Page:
Requirements

Generate A Sample Application To Deploy


We are going to be auto-generating a “dummy” application to represent what we want to host. For this use-case, we will be using create-react-app. This is not required, as is simply just a simple use-case for generating a dummy application with unit tests. Feel free to use something like Java, Ruby, etc. If that is your language of choice.

In your Terminal, execute the following commands.

$ npx create-react-app my-sample-application

Creating A Dockerfile For Development


It’s good practice to separate development and production Docker. This will allow you to easily iterate locally within a Docker-based environment. When you want to go prod, the pipeline will reference the production-based Dockerfile.

Dockerfile.development

FROM node:alpine

WORKDIR '/app'

COPY package.json .
RUN npm install

COPY . .

CMD ["npm", "run", "start"]

docker-compose-dev.yml

version: '3'
services:
  web:
    stdin_open: true
    build:
      context: .
      dockerfile: Dockerfile.development
    ports:
      - '3000:3000'
    volumes:
      - /app/node_modules
      - .:/app

Now, whenever we want to run our development environment, we can simply execute the following:

docker-compose -f docker-compose-dev.yml up

Because we mounted the files into the container from our host machine, any changes done locally will automatically be reflected in the container. This is useful for quick development.

Creating A Dockerfile For Production


Production environments typically have a different setup than dev. We want minified assets and want to remove some of the bloat we’d get with the standard development server.

  1. Add the commands to get the static assets from building the static files
  2. Use Nginx to host these static assets from within the container

Dockerfile

FROM node:alpine
WORKDIR '/app'
COPY package*.json ./
RUN npm install
COPY . .
RUN npm run build

FROM nginx
COPY --from=0 /app/build /usr/share/nginx/html

docker-compose.yml

version: '3'
services:
  web:
    stdin_open: true
    build:
      context: .
      dockerfile: Dockerfile
    ports:
      - '80:80'

Generating An Elastic Beanstalk Application & Environment


Elastic Beanstalk is a fantastic orchestration service offered by AWS used for deploying applications into AWS. Beanstalk will easily handle elastic load balancers and auto-scaling for you and can also reference docker files to spin up applications automatically. This is what we’ll do in this section.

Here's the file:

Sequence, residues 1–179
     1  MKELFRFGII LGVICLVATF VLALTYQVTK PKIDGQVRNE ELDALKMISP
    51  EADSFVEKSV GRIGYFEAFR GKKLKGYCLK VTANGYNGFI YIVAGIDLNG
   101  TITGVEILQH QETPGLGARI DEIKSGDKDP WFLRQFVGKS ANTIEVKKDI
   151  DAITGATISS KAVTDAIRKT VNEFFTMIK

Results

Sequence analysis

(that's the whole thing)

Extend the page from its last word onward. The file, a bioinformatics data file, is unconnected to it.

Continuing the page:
Create An Environment

In AWS, search for “Elastic Beanstalk” and open it up

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From here, we’ll create a new application. Select “Create New Environment”

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Type in the application name, environment, etc. If you’re using Node.JS, ensure the platform is NodeJS and if Java, select Java, etc.

This process will take 5-10 minutes to complete fully once you select Create Environment.

Connecting GitHub to AWS


We want to ensure the flow from Github merge → AWS is automated. That is, once we merge new code into the main branch, how can we automate the new code deployments to our cloud server?

  1. Add secrets into your GitHub account
    1. The secrets will match the access key and secret when creating a new IAM user

Creating A New GitHub Action

name: Test & Deploy
on:
  push:
    branches:
      - master
jobs:
  test-and-deploy:
    runs-on: ubuntu-latest
    steps:
      - name: Checkout Latest Repo
        uses: actions/checkout@master

      # Zip Dockerfile for upload
      - name: Generate Deployment Package
        run: zip -r deploy.zip * -x "**node_modules**"
        
      - name: Get timestamp
        uses: gerred/actions/current-time@master
        id: current-time

      - name: Run string replace
        uses: frabert/replace-string-action@master
        id: format-time
        with:
          pattern: '[:\.]+'
          string: "${{ steps.current-time.outputs.time }}"
          replace-with: '-'
          flags: 'g'

      - name: Deploy to EB
        uses: einaregilsson/beanstalk-deploy@v14
        with:
          aws_access_key: ${{ secrets.AWS_ACCESS_KEY_ID }}
          aws_secret_key: ${{ secrets.AWS_SECRET_ACCESS_KEY }}
          application_name: beanstalk-engineer-v2
          environment_name: BeanstalkEngineerV2-env
          version_label: "the-simple-engineer-deployment-${{ steps.format-time.outputs.replaced }}"
          region: us-east-2
          deployment_package: deploy.zip

The above wil generate a zip file from the contents (except for node_modules) and this is what will be uploaded into S3 under the EB environment. EB for single container deployments will scan for the docker-compose file and build the image for you and deploy.

I use timestamp and string replace commands to get a unique suffix for the zip file I upload into S3. The S3 upload is automated in EB.

Once you make a new commit to master, the code will be deployed and you’ll be able to access your site on the Elastic Beanstock URL seen on the AWS EB service page.

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